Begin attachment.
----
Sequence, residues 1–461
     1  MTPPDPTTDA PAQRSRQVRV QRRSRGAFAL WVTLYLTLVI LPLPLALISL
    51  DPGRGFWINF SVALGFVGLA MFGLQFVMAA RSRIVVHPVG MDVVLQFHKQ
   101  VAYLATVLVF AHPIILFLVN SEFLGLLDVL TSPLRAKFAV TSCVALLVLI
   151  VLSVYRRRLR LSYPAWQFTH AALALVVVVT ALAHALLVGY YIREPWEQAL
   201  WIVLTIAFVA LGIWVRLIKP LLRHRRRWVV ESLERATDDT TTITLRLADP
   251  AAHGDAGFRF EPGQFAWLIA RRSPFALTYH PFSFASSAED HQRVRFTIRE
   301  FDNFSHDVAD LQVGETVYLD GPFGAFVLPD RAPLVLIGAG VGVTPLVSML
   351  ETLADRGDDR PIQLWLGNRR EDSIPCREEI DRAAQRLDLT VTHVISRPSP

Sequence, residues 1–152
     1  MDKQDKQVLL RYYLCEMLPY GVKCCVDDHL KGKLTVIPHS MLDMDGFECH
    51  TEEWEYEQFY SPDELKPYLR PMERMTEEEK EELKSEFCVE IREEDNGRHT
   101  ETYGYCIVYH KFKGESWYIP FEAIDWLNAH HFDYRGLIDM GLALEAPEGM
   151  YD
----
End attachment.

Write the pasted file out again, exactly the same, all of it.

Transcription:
Sequence, residues 1–461
     1  MTPPDPTTDA PAQRSRQVRV QRRSRGAFAL WVTLYLTLVI LPLPLALISL
    51  DPGRGFWINF SVALGFVGLA MFGLQFVMAA RSRIVVHPVG MDVVLQFHKQ
   101  VAYLATVLVF AHPIILFLVN SEFLGLLDVL TSPLRAKFAV TSCVALLVLI
   151  VLSVYRRRLR LSYPAWQFTH AALALVVVVT ALAHALLVGY YIREPWEQAL
   201  WIVLTIAFVA LGIWVRLIKP LLRHRRRWVV ESLERATDDT TTITLRLADP
   251  AAHGDAGFRF EPGQFAWLIA RRSPFALTYH PFSFASSAED HQRVRFTIRE
   301  FDNFSHDVAD LQVGETVYLD GPFGAFVLPD RAPLVLIGAG VGVTPLVSML
   351  ETLADRGDDR PIQLWLGNRR EDSIPCREEI DRAAQRLDLT VTHVISRPSP

Sequence, residues 1–152
     1  MDKQDKQVLL RYYLCEMLPY GVKCCVDDHL KGKLTVIPHS MLDMDGFECH
    51  TEEWEYEQFY SPDELKPYLR PMERMTEEEK EELKSEFCVE IREEDNGRHT
   101  ETYGYCIVYH KFKGESWYIP FEAIDWLNAH HFDYRGLIDM GLALEAPEGM
   151  YD